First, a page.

Home/Mortgages/Three Additional Selling Days Push Housing Transactions Higher in October

November 28, 2012 (Chris Moore)

Despite an ever shrinking pool of homes for sale, more Americans bought homes in October than did in September with the help of three additional selling days according to the National Association of Realtors® (NAR), but monthly home values continued to shrink .

Monthly existing home sales, which include single-family homes, townhomes, condos, and co-ops, increased to a seasonally adjusted rate of 4.75 million transactions in October, up from 4.69 million in September, a gain of 2.1 percent. Compared to October of last year, sales were 10.9 percent higher than the 4.32 million seasonally adjusted transactions. It was the 16th consecutive month that year-over-year home sales have increased.

Lawrence Yun, chief economist of NAR, stated, “Home sales continue to trend up and most October transactions were completed by the time the storm hit, but the growing demand with limited inventory is pressuring home prices in much of the country. We expect an impact on Northeastern home sales in the coming months from a pause and delays in storm-impacted regions.”

Regional Home Sales:

Monthly existing home sales in the Northeast declined by 1.7 percent to an annual rate of 580,000 transactions but were still113.7 percent higher than in October of last year, while in the Midwest, sales were 1.8 percent higher than the previous month, selling at a rate of 1.11 million annual sales, and were 18.1 percent higher than last year’s sales pace.

In the South, monthly existing home sales increased 2.1 percent in October to an annual pace of 1.92 million transactions and were 11.0 percent above October 2011’s levels, and in the West, transactions improved by 4.4 percent to an annual rate of 1.18 million sales and were 3.5 percent above last year’s sales pace.

Home Prices:

Monthly home prices followed seasonal patterns and declined by 2.9 percent as the national median existing home price fell from $183,900 in September to $178,600 in October. The median home price in October was 11.1 percent higher than in the same month last year, the eighth consecutive month that home prices have surpassed the previous year’s levels.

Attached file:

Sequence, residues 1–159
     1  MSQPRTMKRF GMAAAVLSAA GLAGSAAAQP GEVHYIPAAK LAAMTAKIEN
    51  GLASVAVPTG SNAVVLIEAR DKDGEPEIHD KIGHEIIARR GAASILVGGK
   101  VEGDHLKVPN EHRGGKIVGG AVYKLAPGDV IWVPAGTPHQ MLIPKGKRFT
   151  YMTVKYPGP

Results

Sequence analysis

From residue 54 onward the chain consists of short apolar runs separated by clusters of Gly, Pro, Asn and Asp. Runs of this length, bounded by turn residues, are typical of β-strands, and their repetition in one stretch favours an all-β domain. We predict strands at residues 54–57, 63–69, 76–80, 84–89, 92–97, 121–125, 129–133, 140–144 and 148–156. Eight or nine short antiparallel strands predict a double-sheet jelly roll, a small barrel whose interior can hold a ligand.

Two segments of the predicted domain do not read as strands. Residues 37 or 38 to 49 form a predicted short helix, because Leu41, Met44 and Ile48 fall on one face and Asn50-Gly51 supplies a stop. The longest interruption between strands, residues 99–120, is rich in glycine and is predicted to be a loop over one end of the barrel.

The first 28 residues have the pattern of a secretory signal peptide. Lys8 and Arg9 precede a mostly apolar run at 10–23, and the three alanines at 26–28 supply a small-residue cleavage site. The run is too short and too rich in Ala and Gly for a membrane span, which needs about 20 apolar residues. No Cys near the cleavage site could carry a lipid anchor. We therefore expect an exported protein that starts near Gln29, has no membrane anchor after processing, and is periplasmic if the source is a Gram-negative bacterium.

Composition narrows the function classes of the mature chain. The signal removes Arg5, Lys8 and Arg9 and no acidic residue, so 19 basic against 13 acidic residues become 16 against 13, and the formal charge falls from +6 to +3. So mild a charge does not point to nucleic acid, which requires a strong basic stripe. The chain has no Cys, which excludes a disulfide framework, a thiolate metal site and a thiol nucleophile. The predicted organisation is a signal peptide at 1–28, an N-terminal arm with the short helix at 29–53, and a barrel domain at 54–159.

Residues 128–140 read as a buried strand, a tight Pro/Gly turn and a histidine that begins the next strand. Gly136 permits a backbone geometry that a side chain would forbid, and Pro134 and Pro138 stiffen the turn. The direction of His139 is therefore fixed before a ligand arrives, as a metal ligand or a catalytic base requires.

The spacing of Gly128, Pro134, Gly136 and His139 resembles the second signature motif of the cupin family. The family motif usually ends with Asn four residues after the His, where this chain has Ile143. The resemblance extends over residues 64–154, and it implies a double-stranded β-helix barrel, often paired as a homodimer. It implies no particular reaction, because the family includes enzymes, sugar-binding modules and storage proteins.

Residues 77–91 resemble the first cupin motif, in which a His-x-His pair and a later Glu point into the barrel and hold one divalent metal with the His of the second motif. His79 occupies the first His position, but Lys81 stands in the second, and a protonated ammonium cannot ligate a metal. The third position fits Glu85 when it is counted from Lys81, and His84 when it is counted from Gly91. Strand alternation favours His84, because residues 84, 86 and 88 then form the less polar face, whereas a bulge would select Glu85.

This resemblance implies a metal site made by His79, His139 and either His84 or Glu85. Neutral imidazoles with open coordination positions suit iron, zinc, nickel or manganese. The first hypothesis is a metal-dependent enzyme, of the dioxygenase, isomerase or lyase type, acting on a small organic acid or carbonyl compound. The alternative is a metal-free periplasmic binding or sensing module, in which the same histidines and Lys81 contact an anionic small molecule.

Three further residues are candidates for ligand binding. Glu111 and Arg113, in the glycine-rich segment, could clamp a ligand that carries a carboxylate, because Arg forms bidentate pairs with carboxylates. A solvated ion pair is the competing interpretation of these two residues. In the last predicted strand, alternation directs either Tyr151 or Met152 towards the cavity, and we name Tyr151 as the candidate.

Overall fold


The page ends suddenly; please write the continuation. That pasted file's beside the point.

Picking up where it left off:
The median price in the Northeast was $232,600, which was 4.6 percent higher than a year ago but down from $238,700 last month, while the median price in the Midwest was $145,600, up 10.6 percent from October of 2011 and up slightly from $145,200 the previous month.

In the South, the median price was $152,200, a gain of 8.2 percent from a year ago but down from $163,600 last month, and in the West, the median price was $242,100, up 21.2 percent from October of 2011 but down from $246,300 the previous month.

Cash and Distressed Property Sales:

Distressed property sales held steady at 24 percent of all existing home sales in October, unchanged from September but down from 28 percent in October of 2011. Foreclosure sales made up 12 percent of all existing home sales while short sales also accounted for 12 percent of all existing sales.

Cash sales accounted for 29 percent of all sales in October, up from 28 in September, while investors purchased 20 percent of the homes sold in October, up from 18 percent in September.

Housing Inventory:

The number of homes available for sale in October declined 1.4 percent to 2.14 million homes which leaves a 5.6 month supply, down from a 5.9 months supply in September. The number of homes listed for sale in October was 21.9 percent lower than last year.

Tags: existing home sales, investors, distressed property sales, declining prices, low appraisals, cancelled contracts, median home price